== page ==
capable of holding much; spacious or roomy: a capacious storage bin.

Origin of capacious

First recorded in 1605–15; capaci(ty) + -ous
Related formsca·pa·cious·ly, adverbca·pa·cious·ness, nounun·ca·pa·cious, adjectiveun·ca·pa·cious·ly, adverbun·ca·pa·cious·ness, noun

Synonyms for capacious

Antonyms for capacious

confining. Unabridged Based on the Random House Unabridged Dictionary, © Random House, Inc. 2019

Examples from the Web for capacious

Contemporary Examples of capacious

  • As we were getting ready to repair to his capacious table, we were joined by Claude Lanzmann, the maker of the film Shoah.

    The Daily Beast logo
    My Moments With Ariel Sharon

    Seth Lipsky

    January 11, 2014

  • Yet I doubt that she will become a capacious judge with wide-ranging interests and intense curiosity.

    The Daily Beast logo
    Elena Kagan's Surprise Defender

    Richard A. Epstein

    May 11, 2010

  • But George H.W. Bush is a man of capacious and unconditional love, so I imagine that carried him through the day.

    The Daily Beast logo
    How Hillary's Feeling About Caroline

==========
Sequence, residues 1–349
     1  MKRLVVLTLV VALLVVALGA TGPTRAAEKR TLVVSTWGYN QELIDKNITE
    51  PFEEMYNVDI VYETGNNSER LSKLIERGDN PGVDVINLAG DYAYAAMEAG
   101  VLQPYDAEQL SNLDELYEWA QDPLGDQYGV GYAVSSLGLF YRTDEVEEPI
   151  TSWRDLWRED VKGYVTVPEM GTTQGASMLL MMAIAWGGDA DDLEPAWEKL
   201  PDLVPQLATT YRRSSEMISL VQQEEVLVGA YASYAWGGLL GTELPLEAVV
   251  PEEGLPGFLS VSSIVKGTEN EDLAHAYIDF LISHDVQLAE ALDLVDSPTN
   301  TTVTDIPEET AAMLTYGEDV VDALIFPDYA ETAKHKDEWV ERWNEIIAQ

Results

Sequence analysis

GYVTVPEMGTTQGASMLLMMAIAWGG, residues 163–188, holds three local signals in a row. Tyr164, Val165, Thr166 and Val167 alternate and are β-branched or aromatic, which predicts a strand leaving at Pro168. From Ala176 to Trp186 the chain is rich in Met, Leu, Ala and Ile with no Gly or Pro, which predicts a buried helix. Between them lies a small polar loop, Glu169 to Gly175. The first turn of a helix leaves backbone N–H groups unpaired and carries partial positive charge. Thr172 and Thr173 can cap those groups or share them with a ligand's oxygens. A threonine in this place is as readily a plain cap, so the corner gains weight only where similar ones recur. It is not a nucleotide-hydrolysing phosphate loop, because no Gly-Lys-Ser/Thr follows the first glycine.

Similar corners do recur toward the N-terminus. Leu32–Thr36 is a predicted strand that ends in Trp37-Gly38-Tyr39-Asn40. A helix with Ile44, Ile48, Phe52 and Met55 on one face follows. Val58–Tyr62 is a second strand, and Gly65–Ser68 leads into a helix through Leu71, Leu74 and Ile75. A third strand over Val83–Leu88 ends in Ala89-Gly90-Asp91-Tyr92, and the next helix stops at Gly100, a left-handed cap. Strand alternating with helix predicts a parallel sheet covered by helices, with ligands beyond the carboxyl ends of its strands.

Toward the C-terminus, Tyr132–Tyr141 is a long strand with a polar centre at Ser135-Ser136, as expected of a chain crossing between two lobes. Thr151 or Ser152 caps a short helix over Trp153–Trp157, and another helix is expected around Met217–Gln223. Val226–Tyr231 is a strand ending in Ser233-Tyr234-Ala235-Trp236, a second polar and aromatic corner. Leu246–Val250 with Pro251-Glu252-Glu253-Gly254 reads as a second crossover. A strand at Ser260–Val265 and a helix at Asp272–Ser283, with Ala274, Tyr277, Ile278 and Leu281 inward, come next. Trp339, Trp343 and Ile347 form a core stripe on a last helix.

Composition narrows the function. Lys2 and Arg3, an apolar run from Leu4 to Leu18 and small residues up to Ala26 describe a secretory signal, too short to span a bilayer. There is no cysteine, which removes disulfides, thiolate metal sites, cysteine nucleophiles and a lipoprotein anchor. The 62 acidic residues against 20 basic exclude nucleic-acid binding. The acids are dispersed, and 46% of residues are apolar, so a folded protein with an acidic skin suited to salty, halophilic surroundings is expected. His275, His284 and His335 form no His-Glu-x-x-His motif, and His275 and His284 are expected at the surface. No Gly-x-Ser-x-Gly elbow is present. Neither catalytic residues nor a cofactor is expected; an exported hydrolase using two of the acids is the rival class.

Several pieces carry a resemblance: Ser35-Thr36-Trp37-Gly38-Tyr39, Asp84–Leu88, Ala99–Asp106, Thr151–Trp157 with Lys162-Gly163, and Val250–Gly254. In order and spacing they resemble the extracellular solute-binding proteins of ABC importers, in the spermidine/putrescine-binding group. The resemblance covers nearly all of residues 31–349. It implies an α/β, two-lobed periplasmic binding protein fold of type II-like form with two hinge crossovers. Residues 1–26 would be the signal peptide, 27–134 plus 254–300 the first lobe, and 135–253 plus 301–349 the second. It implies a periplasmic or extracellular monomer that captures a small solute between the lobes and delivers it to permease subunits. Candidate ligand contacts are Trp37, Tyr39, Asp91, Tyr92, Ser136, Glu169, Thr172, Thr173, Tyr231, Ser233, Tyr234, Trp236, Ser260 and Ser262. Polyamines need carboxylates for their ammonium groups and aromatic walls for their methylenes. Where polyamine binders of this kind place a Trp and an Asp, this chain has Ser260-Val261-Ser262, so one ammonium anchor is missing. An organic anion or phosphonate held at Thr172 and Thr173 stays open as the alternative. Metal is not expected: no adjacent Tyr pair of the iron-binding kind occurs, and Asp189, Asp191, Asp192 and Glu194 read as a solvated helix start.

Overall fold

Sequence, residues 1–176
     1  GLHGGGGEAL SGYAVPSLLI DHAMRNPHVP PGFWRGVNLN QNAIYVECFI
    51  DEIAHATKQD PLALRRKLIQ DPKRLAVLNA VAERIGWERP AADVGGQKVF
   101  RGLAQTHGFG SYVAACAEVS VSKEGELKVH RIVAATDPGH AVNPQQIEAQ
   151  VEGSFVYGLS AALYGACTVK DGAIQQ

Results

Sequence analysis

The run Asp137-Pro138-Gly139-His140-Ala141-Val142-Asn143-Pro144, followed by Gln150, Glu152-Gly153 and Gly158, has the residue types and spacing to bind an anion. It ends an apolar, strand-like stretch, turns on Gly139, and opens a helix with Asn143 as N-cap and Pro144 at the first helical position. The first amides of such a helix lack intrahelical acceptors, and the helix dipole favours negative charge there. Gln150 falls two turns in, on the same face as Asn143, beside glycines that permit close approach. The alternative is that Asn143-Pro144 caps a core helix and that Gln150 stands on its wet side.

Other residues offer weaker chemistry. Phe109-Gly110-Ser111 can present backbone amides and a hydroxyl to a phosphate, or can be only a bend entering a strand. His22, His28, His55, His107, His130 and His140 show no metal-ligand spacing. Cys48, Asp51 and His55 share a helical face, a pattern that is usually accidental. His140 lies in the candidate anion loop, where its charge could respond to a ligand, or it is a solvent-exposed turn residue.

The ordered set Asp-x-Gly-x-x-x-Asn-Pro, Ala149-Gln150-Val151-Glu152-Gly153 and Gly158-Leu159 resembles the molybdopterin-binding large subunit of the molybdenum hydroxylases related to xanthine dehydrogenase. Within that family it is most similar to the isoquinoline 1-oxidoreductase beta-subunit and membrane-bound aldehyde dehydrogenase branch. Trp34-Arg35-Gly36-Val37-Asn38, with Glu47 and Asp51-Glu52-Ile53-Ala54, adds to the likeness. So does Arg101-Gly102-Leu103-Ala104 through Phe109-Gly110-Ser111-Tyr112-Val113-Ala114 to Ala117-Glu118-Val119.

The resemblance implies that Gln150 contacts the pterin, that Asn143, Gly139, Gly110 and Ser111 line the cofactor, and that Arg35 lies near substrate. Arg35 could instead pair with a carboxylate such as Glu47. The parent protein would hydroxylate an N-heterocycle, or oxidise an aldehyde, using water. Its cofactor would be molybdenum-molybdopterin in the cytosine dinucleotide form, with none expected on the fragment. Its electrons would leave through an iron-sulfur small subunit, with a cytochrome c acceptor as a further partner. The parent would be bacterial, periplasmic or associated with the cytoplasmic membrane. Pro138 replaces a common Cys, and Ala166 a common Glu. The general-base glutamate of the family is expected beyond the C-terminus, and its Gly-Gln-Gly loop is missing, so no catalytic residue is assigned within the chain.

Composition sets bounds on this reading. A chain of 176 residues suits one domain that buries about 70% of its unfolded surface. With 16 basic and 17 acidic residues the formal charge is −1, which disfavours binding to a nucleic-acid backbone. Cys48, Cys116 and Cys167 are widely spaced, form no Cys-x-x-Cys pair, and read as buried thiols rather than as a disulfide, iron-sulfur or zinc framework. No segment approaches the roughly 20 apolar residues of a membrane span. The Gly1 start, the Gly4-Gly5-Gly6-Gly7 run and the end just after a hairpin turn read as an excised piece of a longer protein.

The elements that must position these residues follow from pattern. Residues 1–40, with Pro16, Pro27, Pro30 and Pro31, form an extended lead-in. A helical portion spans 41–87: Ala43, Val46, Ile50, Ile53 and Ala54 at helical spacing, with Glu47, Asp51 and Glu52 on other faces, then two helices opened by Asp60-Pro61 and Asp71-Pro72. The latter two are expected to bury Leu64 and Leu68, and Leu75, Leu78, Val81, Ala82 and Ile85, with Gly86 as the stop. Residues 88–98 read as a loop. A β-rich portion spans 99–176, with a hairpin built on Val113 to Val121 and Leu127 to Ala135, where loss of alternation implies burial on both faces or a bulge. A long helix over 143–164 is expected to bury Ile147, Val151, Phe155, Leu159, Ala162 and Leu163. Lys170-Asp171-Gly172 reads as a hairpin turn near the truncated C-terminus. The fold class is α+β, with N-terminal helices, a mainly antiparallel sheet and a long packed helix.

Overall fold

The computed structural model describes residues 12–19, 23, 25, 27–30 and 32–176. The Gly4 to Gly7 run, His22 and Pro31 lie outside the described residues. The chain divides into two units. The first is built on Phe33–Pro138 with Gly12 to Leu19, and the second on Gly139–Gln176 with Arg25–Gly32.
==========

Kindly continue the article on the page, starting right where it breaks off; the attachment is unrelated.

Christopher Buckley

    January 24, 2009

Historical Examples of capacious

  • If you thirst, we will cheerfully offer you the capacious goblet and the richest wines.


    William Godwin

  • Why should I cumber myself with regrets that the receiver is not capacious?

    Essays, First Series

    Ralph Waldo Emerson

  • The capacious lung, the thundering or the tender vocal chords.

    Notes on My Books

    Joseph Conrad

  • The symbol of festivity should be capacious, as well as prime in quality.

  • He shook the capacious fluttering folds and handed it to its owner.

    In Apple-Blossom Time

    Clara Louise Burnham

British Dictionary definitions for capacious



capable of holding much; roomy; spacious
Derived Formscapaciously, adverbcapaciousness, noun

Word Origin for capacious

C17: from Latin capāx, from Latin capere to take
Collins English Dictionary - Complete & Unabridged 2012 Digital Edition © William Collins Sons & Co. Ltd. 1979, 1986 © HarperCollins Publishers 1998, 2000, 2003, 2005, 2006, 2007, 2009, 2012

Word Origin and History for capacious

1610s, "able to contain," from Latin capax (genitive capacis) "able to take in," from capere "to take" (see capable) + -ous. Meaning "able to hold much" is from 1630s. Related: Capaciously; capaciousness.

Online Etymology Dictionary, © 2010 Douglas Harper